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Issue 114 April 2008 RSS

Film as a Critical Practice

Events

Office for Contemporary Art, Oslo, Norway

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Organized by the Office for Contemporary Art’s Director, Marta Kuzma, ‘Film as a Critical Practice’ followed on from earlier conferences at OCA, ‘Art of Welfare’ (2007) and ‘Recuperating Political Radicality in Contemporary Art’ (2006).

The remit of the two-day event was to explore the ‘political and psychoanalytic dimension of film’ and ranged from academic papers to presentations by artists. The discussions were accompanied by a supplemental film programme curated by Ian White – the word ‘supplemental’ perhaps pointing to a problematic split, within the conference and beyond, between academic assessment and artistic production.

Topics ranged from looking at historical examples of the integration of documentary techniques to narrative rupture. Guy Debord’s Society of the Spectacle (1967) and May 1968, invoked in opening papers by Kristin Ross and Keith Sanborn, were constant reference points. To represent recent artistic practice that explores political and critical engagement, artists including Harun Farocki and Hito Steyerl were called on as contemporary experts.

In the early part of the programme film often served as evidence of a wider socio-economic picture. Ross traced the historical position of the camera as a means of defining power relations, providing an agile account of militant cinema and ‘seizing speech’, using examples from the Lumière Brothers’ Workers Leaving the Lumière Factory (1895) to Chris Marker and Mario Marret’s Á bientôt j’espère (Be Seeing You, 1968), a document of the 1967 strike, and the lives and attitudes of the workers, in the city of Besançon, France.

The Lumière Brothers’ Workers Leaving the Lumière Factory (1895)

Ross’ presentation provided a direct link to White’s film programme, ‘Material Critical Poetics’, which asked ‘What constitutes critical film?’ White’s introduction explored how the production and, crucially, the presentation of critical film constitute in themselves a political and critical gesture. Here works by Anthony McCall and Andrew Tyndall, Peter Gidal, Emily Roysdon and Sharon Hayes were presented as depictions not of resistance but of the idea of resistance as a radical dynamic. Explicit political content was avoided in favour of the politics of looking.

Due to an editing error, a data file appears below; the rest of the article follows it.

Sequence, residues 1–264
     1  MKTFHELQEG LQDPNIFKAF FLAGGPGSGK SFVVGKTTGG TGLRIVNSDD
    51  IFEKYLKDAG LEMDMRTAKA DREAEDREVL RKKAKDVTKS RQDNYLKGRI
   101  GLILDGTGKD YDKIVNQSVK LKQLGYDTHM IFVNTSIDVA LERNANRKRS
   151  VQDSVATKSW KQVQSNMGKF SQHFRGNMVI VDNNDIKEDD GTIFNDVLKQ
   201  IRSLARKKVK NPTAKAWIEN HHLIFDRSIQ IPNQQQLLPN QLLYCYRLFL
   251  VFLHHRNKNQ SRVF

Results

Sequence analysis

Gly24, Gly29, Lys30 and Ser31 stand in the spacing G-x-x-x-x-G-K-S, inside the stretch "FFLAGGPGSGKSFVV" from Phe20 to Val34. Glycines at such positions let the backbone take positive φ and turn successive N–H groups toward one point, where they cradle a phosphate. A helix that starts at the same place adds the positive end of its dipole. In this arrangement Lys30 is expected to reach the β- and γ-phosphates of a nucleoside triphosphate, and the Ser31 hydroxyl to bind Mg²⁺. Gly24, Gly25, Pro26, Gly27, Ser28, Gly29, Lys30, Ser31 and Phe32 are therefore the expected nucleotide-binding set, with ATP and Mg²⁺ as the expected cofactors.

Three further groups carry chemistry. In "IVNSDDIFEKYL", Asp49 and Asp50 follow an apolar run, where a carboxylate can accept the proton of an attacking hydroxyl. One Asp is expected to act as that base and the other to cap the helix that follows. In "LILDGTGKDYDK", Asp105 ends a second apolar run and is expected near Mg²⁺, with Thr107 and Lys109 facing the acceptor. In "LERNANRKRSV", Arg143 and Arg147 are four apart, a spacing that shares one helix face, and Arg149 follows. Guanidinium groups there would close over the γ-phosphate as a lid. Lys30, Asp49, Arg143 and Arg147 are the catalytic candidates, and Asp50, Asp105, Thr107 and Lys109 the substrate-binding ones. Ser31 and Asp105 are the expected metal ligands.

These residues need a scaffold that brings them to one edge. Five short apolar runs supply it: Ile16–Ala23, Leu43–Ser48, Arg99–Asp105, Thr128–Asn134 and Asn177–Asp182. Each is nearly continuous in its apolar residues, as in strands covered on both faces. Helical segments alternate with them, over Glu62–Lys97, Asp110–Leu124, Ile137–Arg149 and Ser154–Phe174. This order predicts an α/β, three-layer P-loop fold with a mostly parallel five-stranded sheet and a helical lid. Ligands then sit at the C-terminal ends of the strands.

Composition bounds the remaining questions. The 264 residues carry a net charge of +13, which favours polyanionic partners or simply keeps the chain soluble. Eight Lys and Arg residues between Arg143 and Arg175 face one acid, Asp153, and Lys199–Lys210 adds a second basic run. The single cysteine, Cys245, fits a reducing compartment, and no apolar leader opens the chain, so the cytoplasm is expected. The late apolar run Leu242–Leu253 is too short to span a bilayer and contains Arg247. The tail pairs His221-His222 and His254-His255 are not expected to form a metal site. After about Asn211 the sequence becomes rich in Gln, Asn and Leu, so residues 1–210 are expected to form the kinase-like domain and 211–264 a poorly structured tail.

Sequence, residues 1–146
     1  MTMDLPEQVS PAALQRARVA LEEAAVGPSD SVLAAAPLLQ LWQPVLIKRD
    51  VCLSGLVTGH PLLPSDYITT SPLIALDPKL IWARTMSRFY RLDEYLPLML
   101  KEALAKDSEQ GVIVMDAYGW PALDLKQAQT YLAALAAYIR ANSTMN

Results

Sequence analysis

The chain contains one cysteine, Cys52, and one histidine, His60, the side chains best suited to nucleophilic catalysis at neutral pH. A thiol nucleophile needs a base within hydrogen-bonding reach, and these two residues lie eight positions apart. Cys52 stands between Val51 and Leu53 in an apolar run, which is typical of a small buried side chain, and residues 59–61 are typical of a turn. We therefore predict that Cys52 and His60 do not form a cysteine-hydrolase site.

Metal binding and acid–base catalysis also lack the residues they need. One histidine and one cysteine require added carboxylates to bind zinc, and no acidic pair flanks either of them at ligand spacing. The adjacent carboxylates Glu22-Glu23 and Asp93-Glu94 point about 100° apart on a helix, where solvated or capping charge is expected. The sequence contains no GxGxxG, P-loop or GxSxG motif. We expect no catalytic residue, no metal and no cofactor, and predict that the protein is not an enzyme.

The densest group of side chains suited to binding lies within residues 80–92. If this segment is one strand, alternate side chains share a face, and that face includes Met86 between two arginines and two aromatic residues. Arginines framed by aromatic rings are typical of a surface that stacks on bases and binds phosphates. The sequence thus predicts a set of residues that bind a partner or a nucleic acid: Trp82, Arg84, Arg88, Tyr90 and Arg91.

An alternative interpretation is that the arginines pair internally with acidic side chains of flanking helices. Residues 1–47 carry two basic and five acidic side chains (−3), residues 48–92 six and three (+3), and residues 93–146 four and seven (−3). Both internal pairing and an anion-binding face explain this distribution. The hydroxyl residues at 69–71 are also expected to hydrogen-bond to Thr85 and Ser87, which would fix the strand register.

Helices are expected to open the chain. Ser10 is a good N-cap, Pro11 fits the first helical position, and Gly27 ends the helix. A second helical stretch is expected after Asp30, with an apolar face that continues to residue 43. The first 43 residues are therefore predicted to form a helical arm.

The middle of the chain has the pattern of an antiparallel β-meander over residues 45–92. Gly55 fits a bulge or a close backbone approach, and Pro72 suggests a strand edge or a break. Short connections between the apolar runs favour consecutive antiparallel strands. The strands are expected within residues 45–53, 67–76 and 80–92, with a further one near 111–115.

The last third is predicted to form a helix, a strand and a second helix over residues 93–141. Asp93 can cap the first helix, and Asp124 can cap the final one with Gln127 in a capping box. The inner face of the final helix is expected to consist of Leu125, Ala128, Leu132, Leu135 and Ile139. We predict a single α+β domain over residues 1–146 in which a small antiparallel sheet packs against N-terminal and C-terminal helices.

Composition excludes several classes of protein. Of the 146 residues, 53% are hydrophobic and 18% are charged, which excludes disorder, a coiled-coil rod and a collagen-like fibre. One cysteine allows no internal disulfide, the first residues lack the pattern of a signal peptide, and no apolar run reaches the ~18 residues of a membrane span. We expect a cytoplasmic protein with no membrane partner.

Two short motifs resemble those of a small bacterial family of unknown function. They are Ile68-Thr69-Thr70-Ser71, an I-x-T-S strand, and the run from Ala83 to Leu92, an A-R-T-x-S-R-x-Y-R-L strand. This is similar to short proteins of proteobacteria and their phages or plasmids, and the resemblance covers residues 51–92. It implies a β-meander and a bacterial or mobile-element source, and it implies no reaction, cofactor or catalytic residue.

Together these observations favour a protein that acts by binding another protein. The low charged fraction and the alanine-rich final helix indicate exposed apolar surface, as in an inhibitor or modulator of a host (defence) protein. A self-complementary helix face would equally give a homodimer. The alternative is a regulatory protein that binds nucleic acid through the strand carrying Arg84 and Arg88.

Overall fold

Placed somewhere between these overlapping positions was Steyerl’s tracing of a personal history through the politics of the dispersed archive of the Internet, Farocki’s examination of montage as a critical tool and Kodwo Eshun’s discussion of the Black Audio Film Collective (BAFC) and the proposal of a poetic archive. Like Ross, Eshun touched on issues of seizing speech and the role of the image as event, and he echoed White in citing the BAFC’s desire to create a new cinema through developing both new practitioners and a new audience.
A screening of Laura Mulvey and Peter Wollen’s groundbreaking Riddles of the Sphinx (1977) was in sharp contrast to Mulvey’s more recent theory of ‘delayed’ cinema, outlining the attempt to find new patterns of spectatorship and visual pleasure in relation to developing technologies. Mulvey’s argument seemed curiously out of step with work made since the 1990s by ‘white cube’ artists such as Douglas Gordon or Pierre Huyghe, whose critical analysis of mainstream cinematic devices was only briefly touched on in discussions that concentrated on documentary, the archive or Structuralist filmmaking.

In fact, several times in the discussions the phrase ‘white cube artists’ was used as a derogatory term, suggesting another problematic point of hierarchical distinction. The economic means of production and distribution of contemporary film and video and audience access and engagement – in the cinema or the gallery – were only briefly mentioned. Pablo Lafuente’s analysis of Jeroen de Rijke and Willem de Rooij’s strategies in the construction of the spectator in their film Mandarin Ducks (2005) was refreshing in this regard.

In contrast to the often intellectually self-reflexive level of debate was the presentation by Zhang Xian Min, Professor of Film at the Beijing Film Academy, who presented a selection of contemporary Chinese film- and documentary-makers who employed traditional methods – narrative films following a distribution network and aping commercial film networks and traditional point-and-shoot documentaries. However, Xian Min unwittingly provided the most acutely ‘political’ moment of the conference when he politely declined to answer questions on censorship in relation to Chinese border conflicts and trade. Here the politics of the production and distribution of critical filmmaking suddenly had very real implications.

Polly Staple


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Issue 114, April 2008

by Polly Staple

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